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Tag Archives: wisdom

When Stress Drags You To Your Knees

When it comes to stress, I am usually immune to worry.  After being broke a few times in life, God has always provided in my time of need.  Food, shelter and work have come to me in a variety of ways.  However, 2019 has been one of the more trying years of my life occupationally speaking.  Budget cuts, changing roles and the unknown has consumed me with stress, dragging me to my knees.

Anxiety in a man’s heart weighs him down, but a good word makes him glad, Proverbs 12:25.

King Solomon writes a letter to impart wisdom to his children.  As a man who married 700 woman and fathered children with an addition 300 concubines, Solomon understood the stress that parents face.  The more you focus on your numerous responsibilities, anxiety can weigh on your heart.  One of the ways Solomon urges people to overcome stress is by focusing on the positive, savoring encouraging words.

Cast your burden on the Lord, and he will sustain you; he will never permit the righteous to be moved, Psalm 55:22.

When this advice doesn’t work, the Psalmist provides a more practical resolution.  This reflective poem written by David urges stress filled individuals to cast burdens upon the Lord.  During his earthly ministry, Jesus turned to a crowd, calling the stressed out to come to me and I will give you rest, Matthew 11:28-30.  Therefore, whenever you can’t control,  endure or handle the stress of a current situation, fall to your knees and lighten your burdens through prayer.

by Jay Mankus

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Searching for a Place to Call Home

The sitcom Cheers coincided with my years in high school and college.  Cheers debuted in 1982 as I entered my final year of junior high school.  The final episode of Cheers aired the week before I graduated college in 1992.  While the content of this show did not glorify God, the theme song of Cheers struck a cord with my soul.  The thought of finding a place where everyone knows your name inspired me to search for my own place, a church to call home.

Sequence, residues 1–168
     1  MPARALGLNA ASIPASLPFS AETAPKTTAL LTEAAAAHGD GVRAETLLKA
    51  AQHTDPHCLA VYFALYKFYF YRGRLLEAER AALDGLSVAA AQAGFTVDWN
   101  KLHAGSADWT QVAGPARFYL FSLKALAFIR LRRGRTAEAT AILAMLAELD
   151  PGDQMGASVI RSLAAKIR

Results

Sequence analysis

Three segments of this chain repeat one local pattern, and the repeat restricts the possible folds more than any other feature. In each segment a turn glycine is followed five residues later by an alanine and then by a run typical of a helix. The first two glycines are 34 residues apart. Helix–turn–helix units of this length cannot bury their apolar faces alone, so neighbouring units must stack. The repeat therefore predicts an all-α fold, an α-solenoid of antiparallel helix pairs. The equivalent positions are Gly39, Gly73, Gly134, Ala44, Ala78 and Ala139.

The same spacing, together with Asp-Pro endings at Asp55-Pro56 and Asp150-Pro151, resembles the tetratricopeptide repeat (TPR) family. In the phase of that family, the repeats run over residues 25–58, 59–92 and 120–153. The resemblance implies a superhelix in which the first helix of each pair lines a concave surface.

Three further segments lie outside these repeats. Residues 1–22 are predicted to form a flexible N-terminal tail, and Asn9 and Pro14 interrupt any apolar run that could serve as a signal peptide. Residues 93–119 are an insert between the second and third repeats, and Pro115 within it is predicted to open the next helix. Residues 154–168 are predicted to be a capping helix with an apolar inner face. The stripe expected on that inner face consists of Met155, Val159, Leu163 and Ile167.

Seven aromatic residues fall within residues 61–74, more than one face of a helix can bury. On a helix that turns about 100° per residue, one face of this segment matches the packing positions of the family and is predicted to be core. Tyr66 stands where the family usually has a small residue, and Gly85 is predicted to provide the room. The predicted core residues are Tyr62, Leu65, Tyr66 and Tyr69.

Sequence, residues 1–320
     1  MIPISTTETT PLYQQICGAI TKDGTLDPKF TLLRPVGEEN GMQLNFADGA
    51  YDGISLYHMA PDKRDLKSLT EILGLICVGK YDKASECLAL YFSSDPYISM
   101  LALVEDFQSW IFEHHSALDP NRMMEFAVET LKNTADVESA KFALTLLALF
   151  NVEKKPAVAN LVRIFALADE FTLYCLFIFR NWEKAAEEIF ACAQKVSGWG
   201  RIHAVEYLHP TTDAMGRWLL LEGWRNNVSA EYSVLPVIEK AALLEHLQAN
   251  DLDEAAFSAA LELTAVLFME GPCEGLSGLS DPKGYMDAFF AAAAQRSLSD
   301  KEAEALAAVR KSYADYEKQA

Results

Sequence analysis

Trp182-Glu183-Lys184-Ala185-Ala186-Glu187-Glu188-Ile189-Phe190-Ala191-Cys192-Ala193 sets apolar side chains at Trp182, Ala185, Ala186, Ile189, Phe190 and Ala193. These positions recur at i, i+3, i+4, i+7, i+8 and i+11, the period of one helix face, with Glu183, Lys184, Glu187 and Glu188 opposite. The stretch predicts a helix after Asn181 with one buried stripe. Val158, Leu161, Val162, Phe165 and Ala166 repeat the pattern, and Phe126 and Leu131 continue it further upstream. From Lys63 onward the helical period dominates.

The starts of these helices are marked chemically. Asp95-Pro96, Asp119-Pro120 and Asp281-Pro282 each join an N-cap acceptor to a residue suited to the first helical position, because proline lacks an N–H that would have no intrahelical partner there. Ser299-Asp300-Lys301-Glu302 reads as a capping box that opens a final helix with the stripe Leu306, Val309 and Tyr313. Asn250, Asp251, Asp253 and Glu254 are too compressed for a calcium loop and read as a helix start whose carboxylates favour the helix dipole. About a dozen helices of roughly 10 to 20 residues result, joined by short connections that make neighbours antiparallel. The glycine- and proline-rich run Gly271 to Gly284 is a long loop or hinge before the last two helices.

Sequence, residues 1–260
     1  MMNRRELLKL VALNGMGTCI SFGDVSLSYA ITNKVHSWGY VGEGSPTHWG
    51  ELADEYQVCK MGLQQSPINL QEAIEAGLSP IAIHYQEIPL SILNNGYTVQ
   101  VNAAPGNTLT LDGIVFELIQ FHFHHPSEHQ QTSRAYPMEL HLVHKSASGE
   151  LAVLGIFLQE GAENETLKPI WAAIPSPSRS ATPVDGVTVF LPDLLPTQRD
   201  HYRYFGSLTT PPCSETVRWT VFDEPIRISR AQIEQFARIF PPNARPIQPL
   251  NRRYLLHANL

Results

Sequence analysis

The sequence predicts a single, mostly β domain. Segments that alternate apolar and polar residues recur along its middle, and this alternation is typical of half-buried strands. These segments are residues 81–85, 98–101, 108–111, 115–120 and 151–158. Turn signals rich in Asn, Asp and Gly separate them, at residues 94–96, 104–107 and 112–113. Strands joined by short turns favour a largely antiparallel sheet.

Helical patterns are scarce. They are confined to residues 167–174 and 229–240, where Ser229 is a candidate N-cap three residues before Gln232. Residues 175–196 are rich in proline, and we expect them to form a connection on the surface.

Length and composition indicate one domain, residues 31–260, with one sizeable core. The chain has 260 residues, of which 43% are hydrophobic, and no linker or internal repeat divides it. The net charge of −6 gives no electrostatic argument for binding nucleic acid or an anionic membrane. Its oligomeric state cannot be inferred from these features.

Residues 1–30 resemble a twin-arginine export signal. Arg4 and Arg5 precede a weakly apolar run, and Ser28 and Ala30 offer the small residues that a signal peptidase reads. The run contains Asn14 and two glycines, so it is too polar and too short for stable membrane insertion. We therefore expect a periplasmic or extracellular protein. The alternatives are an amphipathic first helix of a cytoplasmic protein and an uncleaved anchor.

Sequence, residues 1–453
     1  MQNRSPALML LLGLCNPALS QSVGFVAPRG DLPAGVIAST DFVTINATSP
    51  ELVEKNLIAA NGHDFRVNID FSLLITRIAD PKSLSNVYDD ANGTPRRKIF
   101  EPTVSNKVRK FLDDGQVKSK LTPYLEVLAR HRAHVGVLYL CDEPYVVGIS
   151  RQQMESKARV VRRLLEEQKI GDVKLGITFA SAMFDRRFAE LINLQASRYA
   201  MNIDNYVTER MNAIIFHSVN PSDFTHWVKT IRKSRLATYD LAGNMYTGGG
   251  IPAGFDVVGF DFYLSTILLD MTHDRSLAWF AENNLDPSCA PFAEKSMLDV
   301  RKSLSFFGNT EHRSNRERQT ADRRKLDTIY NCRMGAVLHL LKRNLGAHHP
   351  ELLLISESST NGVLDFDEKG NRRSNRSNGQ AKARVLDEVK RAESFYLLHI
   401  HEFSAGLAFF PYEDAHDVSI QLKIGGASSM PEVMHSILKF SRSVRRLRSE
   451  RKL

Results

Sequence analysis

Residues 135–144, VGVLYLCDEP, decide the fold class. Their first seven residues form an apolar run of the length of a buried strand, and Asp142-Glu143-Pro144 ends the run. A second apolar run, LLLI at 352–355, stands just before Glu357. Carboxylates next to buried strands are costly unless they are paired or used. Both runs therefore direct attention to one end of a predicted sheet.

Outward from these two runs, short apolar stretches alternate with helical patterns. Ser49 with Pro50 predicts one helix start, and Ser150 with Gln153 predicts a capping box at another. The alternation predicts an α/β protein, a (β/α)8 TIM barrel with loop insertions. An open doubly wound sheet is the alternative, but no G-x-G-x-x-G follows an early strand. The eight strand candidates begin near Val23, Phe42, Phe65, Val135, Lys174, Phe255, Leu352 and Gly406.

And if it is evil in your eyes to serve the Lord, choose this day whom you will serve, whether the gods your fathers served in the region beyond the River, or the gods of the Amorites in whose land you dwell. But as for me and my house, we will serve the Lord,” Joshua 24:15.

Oddly enough, Match.com was founded in 1993, one year after Cheers went off the air.  Apparently, trying to meet a significant other in a bar setting isn’t an ideal environment.  Over the past 25 years, single individuals have turned to dating apps to meet the person of their dreams.  While relationships do emerge from more traditional means, 40 million Americans annually use online dating services to find a soul mate.

By wisdom a house is built, and by understanding it is established; by knowledge the rooms are filled with all precious and pleasant riches, Proverbs 24:3-4.

Perhaps, it’s time for a Christian entrepreneur to develop an app that searches for a church to call home.  Like a bad blind date, visiting the wrong church can fill souls with disappointment, frustration and loneliness.  Christians want to find a place like the theme song from Cheers, “Where Everybody Knows Your Name.”  This song written by Gary Portnoy and Judy Hart Angelo illustrates an ideal place where you can relate to other people, sharing the burdens and troubles on your heart.  I’m not sure what the future holds, but maybe God will put a person with a Computer Science background into my life to form an app that searches for a church to call home.

by Jay Mankus

Falling Asleep in the Lap of Delilah

Like a curious college student at a secular institution, I witnessed some strange sights during my first semester.  I participated in the party scene, attending numerous bashes throughout campus with a crew from my dorm.  While living on a co-ed floor, I met my neighbor across the hall when some drunk guy stumbled into her room and collapsed on the floor at midnight.  A few hours later my roommate came home from a party and threw up all over himself.  The events of this first night as a college student made me realize that if I continued down this road I might end up falling asleep in the lap of Delilah.

Then Samson went to Gaza and saw a prostitute there, and went in to her, Judges 16:1.

According to the Old Testament, Delilah was a Philistine prostitute.  Apparently, during a trip to Gaza, Samson paid for her services.  After this one night stand, Samson fell in love with this call girl.  Sexual attractions tend to make individuals think irrationally.  Subsequently, despite his parents wishes to marry a Jew, Samson chose to marry an enemy of Israel, a Philistine woman.  Based upon the passage below, Delilah only entered this relationship for the money, serving as a spy to extract the secret behind Samson’s great strength.  While falling asleep in Delilah’s lap one night, this information was finally revealed in Judges 16:15-17.